Langley, WA – As concerns about Climate Change increase, South Whidbey Fire/EMS has taken steps to reduce its emissions, conserve energy and protect natural resources on the island. The fire district has been a leader in these areas for over a decade, and wants the community to know the actions it has taken to be a good steward of the environment.

“Reducing emissions and conserving natural resources is important to the health and safety of our community,” said Fire Chief H.L. “Rusty” Palmer. “This definitely falls under fire prevention and life safety from our perspective.”

Ground Water Conservation

All fire districts are required by the National Fire Protection Association to annually test the hoses carried on fire apparatus for fire suppression. South Whidbey Fire/EMS installed new storm drains at its maintenance facility in 2019. This new storm drain system will allow the agency to reclaim nearly all of the water used in testing its fire hoses, saving 20,000 gallons of water per year.

Reducing Emissions

Many fire departments keep engines and other apparatus running at emergency scenes. South Whidbey Fire/EMS has implemented an engine idle shutdown program installed on newer apparatus that support this feature. Voters also recently approved funding to replace older engines that are at the end of their usable lives with new ones that support this feature.  All new apparatus will be designed with technology that saves fuel, reduces emissions, idle time and unnecessary engine wear. In addition, all smaller command and response vehicles for the fire district have zero idle technology.

The agency renovated and repurposed an older rescue unit with a new fuel-efficient generator that can power multiple pieces of emergency apparatus and lights on scene. This unit reduces the need for other apparatus to have their engines running to power their lighting equipment during an emergency.

Maintenance staff also refuel and/or top off response apparatus fuel tanks while performing station weekly checks. This eliminates the need for a special trip, saving 2-3 gallons of fuel each time the unit would otherwise have to refuel. It also increases response time readiness by ensuring the fuel tanks are always full.

 

Energy Conservation

Since 2010, the fire district has worked to improve energy conservation at all of its facilities. It has and continues to install LED lights, fixture upgrades, motion activated light switches, photo cells, wind-up timers, and programmable controlled lighting systems and outlets. These measures have resulted in South Whidbey Fire/EMS being able to cut its electric consumption by half.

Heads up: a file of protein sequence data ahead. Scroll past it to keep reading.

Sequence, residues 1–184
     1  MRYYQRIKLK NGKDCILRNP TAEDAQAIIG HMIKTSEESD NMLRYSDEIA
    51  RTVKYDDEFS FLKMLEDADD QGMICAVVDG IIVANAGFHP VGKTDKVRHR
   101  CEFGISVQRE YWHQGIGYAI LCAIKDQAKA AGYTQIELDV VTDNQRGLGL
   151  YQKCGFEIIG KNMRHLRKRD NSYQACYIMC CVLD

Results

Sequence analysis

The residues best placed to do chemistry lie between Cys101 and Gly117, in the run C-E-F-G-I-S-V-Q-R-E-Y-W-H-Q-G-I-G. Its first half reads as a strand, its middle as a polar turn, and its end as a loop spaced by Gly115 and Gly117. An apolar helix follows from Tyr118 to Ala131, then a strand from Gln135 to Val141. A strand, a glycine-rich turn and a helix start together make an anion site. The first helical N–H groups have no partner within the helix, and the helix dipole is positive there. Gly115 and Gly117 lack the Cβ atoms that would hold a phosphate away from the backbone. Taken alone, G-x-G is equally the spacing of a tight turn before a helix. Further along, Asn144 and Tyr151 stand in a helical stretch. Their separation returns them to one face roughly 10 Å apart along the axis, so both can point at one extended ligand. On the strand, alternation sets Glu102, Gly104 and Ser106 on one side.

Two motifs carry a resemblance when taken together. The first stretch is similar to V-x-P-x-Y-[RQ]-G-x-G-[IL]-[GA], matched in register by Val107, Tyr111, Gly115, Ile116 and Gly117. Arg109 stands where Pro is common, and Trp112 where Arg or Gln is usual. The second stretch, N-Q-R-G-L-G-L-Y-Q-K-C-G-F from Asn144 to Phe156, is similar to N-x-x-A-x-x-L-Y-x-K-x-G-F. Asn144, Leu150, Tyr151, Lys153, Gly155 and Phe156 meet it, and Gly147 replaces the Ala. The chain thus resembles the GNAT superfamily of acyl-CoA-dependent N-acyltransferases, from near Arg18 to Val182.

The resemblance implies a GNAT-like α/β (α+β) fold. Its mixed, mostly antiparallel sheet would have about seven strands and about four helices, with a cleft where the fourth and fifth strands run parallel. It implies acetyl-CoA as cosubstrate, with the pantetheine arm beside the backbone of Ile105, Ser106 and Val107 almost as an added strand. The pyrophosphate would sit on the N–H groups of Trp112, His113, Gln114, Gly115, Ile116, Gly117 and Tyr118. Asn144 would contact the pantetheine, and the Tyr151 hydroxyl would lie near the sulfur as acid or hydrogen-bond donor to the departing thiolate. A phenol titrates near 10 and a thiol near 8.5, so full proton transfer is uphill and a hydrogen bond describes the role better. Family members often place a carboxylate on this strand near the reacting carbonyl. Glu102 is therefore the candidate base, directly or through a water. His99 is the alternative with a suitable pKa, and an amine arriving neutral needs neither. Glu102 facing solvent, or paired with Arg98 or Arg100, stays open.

Station 36 on Bayview Road was designed to meet the Leadership in Energy and Environmental Design (LEED) Silver energy standards.  As part of that plan, the building is wired and plumbed for solar panels, which is included in the fire district’s capital plan for 2021.

The fire district has installed multizone programmable thermostats, energy-efficient heat pumps or ductless heating systems and on-demand water heaters at most stations. Older stations have received upgraded insulation and more efficient furnaces. These steps have reduced its propane consumption by two-thirds since 2010 and allow for a more consistent temperature in the stations throughout the year.

 

Recycling

South Whidbey Fire/EMS and its employees are committed to recycling and reducing waste. There have been receptacles at all facilities to recycle paper, plastics, cardboard and cans since 2008. Employees are encouraged to bring reusable containers for water and other beverages, and there are bottle refill stations in multiple fire stations.

“The financial support of our community has made these projects possible,” said Chief Palmer. “We are grateful for it, and will continue to look for ways to be good stewards of the environment and your tax dollars.”

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South Whidbey Fire/EMS provides emergency services to 15,600 people over 66 square miles. The fire district has some full-time and part-time personnel, but relies primarily on volunteers to respond to an average of 2,600 calls a year. The fire district operates under a balanced budget and has a proud history of passing its financial and accountability audits by the state. In 2017, it earned a double-A rating with a leading bond agency because of its sound financial practices.